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January 20, 2009

So Long Old Friend.

Never ashamed to admit that I'm a big Daryl Hall and John Oates Fan, the song I can't seem to shake from my head at the moment is "She's Gone" from their 1973 album Abandoned Luncheonette.

My 1995 Dodge Ram 3500 (Dually) 4x4 Cummins that has been in the family since May of 1994, when it was new, and that I've personally owned since May of 1998, was sold to the highest bidder, and no longer a part of my life.

Today is a sad day in the Perrine household...well, maybe a sad day for the author.   I believe my wife is pretty indifferent, sad that I'm sad, but not too concerned either way.  One of her first comments after the truck drove off was, "God that truck stinks!"

Funny the relationship between a gear head and his vehicles.  I currently have a 1987 Dodge Ramcharger that has been parked (some would argue if it is parked or stranded) just off the turn around in my driveway since the summer of 2003.  Aside from being started a few times, washed probably twice, and driven a couple of times since 2003, the truck has sat, awaiting new piston rings in the 7th and 8th cylinders.

There are holes in the rear quarter panels, the 'C' pillar is begining to rot, the windshield is toast. It sits on 3 flat tires (but they will hold air), with two different styles of rims.  Each year as more and more pine tree sap and needles drip onto the roof, I think about getting rid of it, but just can't do it.


I have no specific answer, but think it is just because of the memories.  This was my college truck, got me through four...ok, five years of college, and Michigan Upper Peninsula winters.  I've drank a lot of Pepsi's in this truck (sorry, my parents might read this).  You could easily fit two 12 packs of Pepsi in the huge center console.  5 guys could fit comfortably and drink said Pepsi's while on our way to our favorite smelt dipping spot, hunting spot, race track, whatever function you can think of.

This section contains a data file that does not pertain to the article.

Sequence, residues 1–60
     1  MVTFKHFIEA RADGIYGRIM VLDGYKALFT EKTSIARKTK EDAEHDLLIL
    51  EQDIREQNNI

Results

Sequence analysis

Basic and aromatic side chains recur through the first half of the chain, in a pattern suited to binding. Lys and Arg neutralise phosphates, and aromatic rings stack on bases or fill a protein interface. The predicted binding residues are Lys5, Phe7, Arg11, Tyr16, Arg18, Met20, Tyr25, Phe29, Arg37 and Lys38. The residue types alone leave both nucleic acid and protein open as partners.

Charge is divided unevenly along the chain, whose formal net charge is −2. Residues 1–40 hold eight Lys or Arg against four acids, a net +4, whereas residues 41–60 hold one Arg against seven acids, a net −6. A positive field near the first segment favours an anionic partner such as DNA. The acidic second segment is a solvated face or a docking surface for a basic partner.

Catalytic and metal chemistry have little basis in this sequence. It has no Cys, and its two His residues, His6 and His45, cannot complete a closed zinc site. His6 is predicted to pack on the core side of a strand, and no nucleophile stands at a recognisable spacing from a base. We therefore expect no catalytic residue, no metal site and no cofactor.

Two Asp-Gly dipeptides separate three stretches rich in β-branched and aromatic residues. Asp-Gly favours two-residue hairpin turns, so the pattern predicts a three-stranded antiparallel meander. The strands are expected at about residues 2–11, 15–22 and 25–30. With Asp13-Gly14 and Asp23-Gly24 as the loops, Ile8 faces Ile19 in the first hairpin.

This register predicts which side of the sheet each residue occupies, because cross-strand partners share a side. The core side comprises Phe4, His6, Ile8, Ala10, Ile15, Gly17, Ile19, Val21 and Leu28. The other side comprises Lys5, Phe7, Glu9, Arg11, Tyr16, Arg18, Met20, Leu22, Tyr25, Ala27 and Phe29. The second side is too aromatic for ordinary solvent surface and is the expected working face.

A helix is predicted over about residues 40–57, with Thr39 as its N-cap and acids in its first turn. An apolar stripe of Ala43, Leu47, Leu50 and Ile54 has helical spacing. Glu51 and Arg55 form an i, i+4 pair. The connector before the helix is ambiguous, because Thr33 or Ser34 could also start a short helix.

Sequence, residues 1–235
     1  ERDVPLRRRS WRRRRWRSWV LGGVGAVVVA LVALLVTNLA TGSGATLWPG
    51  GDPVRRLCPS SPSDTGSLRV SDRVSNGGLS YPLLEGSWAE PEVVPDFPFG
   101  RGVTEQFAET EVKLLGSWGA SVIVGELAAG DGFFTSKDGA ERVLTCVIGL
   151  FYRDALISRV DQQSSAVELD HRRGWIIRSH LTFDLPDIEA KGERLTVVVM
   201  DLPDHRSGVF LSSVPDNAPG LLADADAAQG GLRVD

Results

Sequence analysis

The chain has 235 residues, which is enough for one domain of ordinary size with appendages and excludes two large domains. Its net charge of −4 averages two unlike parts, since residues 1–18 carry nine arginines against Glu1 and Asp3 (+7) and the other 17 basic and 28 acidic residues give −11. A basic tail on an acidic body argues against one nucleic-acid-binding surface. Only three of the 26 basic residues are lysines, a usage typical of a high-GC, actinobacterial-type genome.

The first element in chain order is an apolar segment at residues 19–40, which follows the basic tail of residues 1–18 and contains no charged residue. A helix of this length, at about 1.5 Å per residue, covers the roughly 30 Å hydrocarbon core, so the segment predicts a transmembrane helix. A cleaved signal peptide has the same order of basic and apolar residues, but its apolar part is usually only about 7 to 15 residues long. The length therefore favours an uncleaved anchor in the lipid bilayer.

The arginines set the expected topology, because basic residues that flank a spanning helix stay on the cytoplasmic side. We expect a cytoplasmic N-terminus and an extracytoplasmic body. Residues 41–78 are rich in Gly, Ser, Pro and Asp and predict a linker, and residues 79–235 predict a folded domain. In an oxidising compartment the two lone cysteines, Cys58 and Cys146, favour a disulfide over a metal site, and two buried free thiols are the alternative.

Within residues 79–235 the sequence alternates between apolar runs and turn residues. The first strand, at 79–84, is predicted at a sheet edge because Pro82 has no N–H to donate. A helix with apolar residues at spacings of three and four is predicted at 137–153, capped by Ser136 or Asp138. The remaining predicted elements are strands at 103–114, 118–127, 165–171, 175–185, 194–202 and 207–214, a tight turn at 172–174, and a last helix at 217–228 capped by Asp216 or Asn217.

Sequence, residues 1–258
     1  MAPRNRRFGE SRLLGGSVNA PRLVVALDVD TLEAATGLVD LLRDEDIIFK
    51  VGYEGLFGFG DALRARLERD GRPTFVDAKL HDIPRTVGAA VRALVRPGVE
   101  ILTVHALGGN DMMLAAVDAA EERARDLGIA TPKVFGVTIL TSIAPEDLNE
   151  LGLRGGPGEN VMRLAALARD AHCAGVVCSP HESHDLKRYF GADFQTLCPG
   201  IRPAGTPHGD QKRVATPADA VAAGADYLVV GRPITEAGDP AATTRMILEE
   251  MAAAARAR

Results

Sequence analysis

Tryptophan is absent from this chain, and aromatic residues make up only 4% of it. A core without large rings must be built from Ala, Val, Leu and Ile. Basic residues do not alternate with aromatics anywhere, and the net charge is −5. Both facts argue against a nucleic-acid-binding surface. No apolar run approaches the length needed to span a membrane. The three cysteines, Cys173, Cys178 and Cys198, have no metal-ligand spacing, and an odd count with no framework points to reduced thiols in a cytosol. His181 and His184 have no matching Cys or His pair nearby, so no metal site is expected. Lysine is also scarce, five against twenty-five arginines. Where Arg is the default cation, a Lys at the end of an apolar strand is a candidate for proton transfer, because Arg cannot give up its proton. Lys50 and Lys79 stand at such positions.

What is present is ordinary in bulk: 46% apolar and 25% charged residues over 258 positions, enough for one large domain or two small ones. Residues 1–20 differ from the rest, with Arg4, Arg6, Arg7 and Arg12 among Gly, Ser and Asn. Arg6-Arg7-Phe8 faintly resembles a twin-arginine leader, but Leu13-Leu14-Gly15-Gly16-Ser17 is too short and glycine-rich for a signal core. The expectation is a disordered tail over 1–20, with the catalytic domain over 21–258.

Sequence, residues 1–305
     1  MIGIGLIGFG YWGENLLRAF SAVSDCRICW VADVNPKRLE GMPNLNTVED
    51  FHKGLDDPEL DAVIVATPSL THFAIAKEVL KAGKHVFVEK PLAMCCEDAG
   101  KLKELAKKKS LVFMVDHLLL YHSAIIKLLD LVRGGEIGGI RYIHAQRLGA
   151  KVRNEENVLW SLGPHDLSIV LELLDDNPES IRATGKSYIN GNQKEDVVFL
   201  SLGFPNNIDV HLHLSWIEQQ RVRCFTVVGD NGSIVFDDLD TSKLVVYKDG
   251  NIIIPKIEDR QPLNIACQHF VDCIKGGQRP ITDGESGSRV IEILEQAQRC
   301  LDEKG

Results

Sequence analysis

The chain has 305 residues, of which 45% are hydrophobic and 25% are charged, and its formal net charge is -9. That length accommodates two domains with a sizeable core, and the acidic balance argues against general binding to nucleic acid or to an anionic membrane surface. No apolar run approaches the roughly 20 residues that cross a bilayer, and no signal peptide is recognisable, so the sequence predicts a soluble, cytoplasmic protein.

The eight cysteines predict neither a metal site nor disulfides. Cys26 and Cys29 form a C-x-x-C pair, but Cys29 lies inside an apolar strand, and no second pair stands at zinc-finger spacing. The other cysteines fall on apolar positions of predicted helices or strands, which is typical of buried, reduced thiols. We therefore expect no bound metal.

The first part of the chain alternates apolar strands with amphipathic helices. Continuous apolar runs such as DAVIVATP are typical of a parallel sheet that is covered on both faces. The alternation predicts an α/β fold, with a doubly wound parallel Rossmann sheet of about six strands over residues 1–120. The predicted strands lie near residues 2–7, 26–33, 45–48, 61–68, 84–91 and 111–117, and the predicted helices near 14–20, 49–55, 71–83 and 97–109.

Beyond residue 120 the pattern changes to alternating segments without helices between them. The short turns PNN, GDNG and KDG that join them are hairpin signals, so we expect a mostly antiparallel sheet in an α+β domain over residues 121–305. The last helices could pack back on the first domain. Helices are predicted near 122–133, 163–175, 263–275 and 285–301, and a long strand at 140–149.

SIDE NOTE: I always wanted to put a drain plug in that thing so you could add ice to keep the 12 packs of pepsi cold.

Also this was the first engine build project I did with my dad.  I had always helped him with various cars he was working on, but this one was mine.  When the truck was bought, it had a miss, turned out to be valve seals, so we replaced the heads (don't ask where we got two brand new heads for a Mopar 360), and remembering that one thing always leads to another if you got the heads off, might as well change the cam, put a new Edelbrock intake and a Holley 650 on it as well.  We opted to keep the stock exhaust manifolds, but all the emision equipment was removed, and we ran true duals out the back through two flow master mufflers.

Now the performance and sound didn't match the look of the truck, so new aluminum rims and 33" tires were added to complete the project.

I typed all that to sum it up with this...Nope, can't sell it have no idea what I want to do with it, but can't part with it.

Now onto the Dually, Darth Vader as my dad and his buddies called it, and The Pig as my wife knows it.  Why was I so torn up with the sale of this truck as I watched it pull out of the driveway?

For the better part of the last three years, I've cursed this truck.  It was loud, it does stink, both doors, both front fenders, parts of the floor board, the bed, all had holes in them.  The back up lights didn't work, every time I hooked up a trailer to it, I had to "fiddle" with the trailer connector to get every light working.

It was down to two speakers that worked well in the truck.  Buttons were starting to fall off the radio, it leaked coolant, it burned oil, trac bars needed to be replaced about every 300 miles or so.  Just in the past year alone, I had to change the starter in the parking lot of a Bally's in Waterford, change the trac bar, replace the headlight a few times, change rear drive shaft u-joints, change the turn signal flasher can, and that is just off the top of my head.